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Brazilian Tribe Opens Indigenous Education Center

Categories: Brazil, Citizen Media, Development, Education, Ethnicity & Race, Indigenous

[All links lead to Portuguese-language pages unless otherwise noted.]

An education center created by the Paiter-Surui  [1][en] tribe in the Brazilian Amazon that will offer professional courses to the area's indigenous has finally opened.

The Paiter-Surui Cultural Training Center was launched  [2]in June 2013 and will offer technical and professional courses to the Paiter-Surui and other indigenous groups of the Amazon with a special focus on environmental preservation. In anticipation of the opening, the group published a video in March 2013 announcing it:

Local indigenous peoples will have the opportunity [2]to take courses in law, job creation and revenue and mapping, which will last two years. Classes will be daily, consisting of both theoretical and practical applied components. Although enrollment will not be unlimited, the Surui expect each course to enroll around 30 students.

The Paiter-Surui Formation Center is awaiting for formal approval from the Brazilian Minister of Education to start running its classes.

The Paiter-Surui tribe have faced a number of struggles since first contact with outsiders in 1969. Road construction invaded their land and disease devastated the population, reducing their population from 5,000 to around 290 individuals as the tribe chief affirmed in a video interview [3]. More recently, the community has responded to threats of mining and illegal logging on their territory.

They hope a cluster of buildings will grow to serve as the site of the future Paiter-Surui Indigenous University of Brazil, the first of its kind in the country. According to Chief Narayamoga Almir [2], the leader of the Surui people:

Inicialmente os cursos serão destinados apenas para os indígenas, porém já estamos construindo uma Política Pedagógica do Centro, para que esses cursos sejam estendidos para toda a sociedade.

Initially, courses will be only open to indigenous individuals, but we are also building an Educational Policy Center so that these courses can be extended to all of society as a whole.

Leaders of the Surui people and representatives from partner organizations as the Amazon Preservation Team (Equipe de Conservação da Amazônia or ECAM [4], in Portuguese) and the Association of Ethno-Environmental Protection Kanindé [5] traveled to the Indigenous University of Venezuela [6] [en] in May 2013 to learn how the model could be replicated in their own country. The Indigenous University of Venezuela, a public university created in 2010, is situated on 5,000 acres of rainforest in southern Venezuela and serves students [7] [en] from many different ethnic groups.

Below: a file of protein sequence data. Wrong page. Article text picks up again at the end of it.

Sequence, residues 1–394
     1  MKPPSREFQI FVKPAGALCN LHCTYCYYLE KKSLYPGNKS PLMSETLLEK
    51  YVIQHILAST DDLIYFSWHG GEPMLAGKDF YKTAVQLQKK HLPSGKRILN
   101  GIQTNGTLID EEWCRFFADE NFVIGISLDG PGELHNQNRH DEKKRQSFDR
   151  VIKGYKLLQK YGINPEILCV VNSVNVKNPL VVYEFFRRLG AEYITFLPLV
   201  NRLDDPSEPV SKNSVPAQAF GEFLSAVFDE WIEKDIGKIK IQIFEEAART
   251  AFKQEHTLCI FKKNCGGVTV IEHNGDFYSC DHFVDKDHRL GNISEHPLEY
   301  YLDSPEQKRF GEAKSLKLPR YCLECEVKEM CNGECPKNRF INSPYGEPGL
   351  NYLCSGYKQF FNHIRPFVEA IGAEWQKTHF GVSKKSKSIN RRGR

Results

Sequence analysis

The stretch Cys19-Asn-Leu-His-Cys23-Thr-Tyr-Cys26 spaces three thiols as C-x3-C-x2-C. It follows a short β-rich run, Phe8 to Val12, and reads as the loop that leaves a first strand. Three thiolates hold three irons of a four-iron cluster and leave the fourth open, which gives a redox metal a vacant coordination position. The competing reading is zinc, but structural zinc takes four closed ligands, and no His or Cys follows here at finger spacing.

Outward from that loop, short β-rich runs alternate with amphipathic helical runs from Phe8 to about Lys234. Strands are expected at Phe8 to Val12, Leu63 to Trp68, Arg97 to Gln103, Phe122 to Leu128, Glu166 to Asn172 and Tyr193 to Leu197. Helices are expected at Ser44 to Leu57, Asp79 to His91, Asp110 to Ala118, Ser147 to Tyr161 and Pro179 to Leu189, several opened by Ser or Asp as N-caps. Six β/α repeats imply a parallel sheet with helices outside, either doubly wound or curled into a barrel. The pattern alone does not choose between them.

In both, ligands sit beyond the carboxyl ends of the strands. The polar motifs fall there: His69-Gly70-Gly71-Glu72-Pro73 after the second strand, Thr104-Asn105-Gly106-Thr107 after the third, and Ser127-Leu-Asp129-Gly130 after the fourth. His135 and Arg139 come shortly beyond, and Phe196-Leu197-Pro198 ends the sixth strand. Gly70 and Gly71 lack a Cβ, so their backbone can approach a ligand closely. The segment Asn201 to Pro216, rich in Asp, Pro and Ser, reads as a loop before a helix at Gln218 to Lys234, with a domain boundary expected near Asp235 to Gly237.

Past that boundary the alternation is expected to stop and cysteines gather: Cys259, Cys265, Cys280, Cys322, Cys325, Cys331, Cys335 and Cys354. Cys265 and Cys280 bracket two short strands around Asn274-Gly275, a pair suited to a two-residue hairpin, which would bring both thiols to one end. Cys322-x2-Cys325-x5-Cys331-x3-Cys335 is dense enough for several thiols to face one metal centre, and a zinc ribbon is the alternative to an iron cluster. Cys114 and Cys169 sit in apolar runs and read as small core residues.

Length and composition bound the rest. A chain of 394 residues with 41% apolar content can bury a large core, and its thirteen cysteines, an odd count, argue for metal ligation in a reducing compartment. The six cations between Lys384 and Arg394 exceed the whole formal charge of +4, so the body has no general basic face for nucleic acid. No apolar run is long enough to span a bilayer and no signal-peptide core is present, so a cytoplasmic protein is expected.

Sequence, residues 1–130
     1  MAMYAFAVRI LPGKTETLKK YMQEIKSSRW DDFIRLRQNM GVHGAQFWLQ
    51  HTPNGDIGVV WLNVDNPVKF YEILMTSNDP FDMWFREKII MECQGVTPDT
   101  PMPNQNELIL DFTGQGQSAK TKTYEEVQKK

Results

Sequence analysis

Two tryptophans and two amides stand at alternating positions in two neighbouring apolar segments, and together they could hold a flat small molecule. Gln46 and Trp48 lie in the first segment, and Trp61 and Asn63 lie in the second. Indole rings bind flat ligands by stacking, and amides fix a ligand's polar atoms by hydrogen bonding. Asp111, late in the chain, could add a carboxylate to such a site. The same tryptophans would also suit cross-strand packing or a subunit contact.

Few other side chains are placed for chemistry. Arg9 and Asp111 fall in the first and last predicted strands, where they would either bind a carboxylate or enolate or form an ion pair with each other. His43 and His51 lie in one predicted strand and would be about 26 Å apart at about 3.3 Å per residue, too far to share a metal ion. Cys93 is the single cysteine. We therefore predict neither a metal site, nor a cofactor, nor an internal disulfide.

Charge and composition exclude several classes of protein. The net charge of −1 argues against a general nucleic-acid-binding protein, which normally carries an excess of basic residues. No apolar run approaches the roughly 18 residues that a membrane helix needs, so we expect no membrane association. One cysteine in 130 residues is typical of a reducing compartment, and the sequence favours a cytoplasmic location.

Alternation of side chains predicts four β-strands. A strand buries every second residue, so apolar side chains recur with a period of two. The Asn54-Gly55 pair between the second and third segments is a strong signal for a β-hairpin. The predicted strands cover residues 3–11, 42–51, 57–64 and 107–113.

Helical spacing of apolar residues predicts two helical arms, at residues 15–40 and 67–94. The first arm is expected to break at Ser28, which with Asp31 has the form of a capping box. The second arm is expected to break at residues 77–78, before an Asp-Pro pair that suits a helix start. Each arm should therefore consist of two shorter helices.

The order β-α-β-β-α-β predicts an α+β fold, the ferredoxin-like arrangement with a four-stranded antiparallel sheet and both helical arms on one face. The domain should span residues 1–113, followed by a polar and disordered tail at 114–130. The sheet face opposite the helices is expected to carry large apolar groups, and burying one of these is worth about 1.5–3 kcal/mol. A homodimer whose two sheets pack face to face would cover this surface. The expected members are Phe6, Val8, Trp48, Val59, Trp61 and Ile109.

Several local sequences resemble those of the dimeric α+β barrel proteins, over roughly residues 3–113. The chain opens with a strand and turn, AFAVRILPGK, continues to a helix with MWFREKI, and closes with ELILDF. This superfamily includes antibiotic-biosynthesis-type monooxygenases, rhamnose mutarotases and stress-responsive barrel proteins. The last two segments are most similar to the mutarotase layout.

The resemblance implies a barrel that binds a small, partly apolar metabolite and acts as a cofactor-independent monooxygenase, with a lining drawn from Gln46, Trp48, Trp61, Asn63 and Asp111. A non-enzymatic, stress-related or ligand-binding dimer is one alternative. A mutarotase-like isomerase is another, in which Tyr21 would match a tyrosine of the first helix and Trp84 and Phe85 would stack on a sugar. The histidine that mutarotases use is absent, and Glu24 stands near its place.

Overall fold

A building of the Paiter-Surui Formation Center in Cacoal, future site of planned indigenous university. (Photo by Rachael Petersen)

A building of the Paiter-Surui Formation Center in Cacoal, future site of planned indigenous university. Photo by Rachael Petersen.

The Association of Ethno-Environmental Protection Kanindé wrote [8]:

Já temos muitos indígenas fazendo curso superior nas faculdades e universidades espalhadas pelo Estado, mas com uma universidade indígena vamos fortalecer a relação dos índios com a terra e a natureza, já que o conteúdo vai valorizar a cultura dos indígenas.

We have many indigenous people doing courses in colleges and universities through the state [of Rondônia], but with an indigenous university we will strengthen the relationship of indigenous peoples with land and nature, because the content will bolster their culture.

The Indigenous University could be one more success in a long line of innovative approaches [9] to development. Led by Chief Almir Surui, the Paiter-Surui people have gained international attention [10] [en] for their visionary 50-year management plan for the sustainable development of their people and natural resources. The plan includes a scheme to sell carbon credits [11] [PDF] from avoided deforestation, money which would be re-invested in the community. In June 2013, they became the first indigenous group to gain certification [12] [en] for their carbon project under two emerging carbon market standards.

The video below explains how they partnered with Google Earth [13] [en] and other organizations to use digital technology to map deforestation on their territory. You can also download a cultural map [14] of their lands here to view on Google Earth.

They hope this new university will help indigenous peoples reconnect with traditional values and their lands. To get connected with the Surui, like the Associação Metareilá Facebook page [15] or check out their blog [16].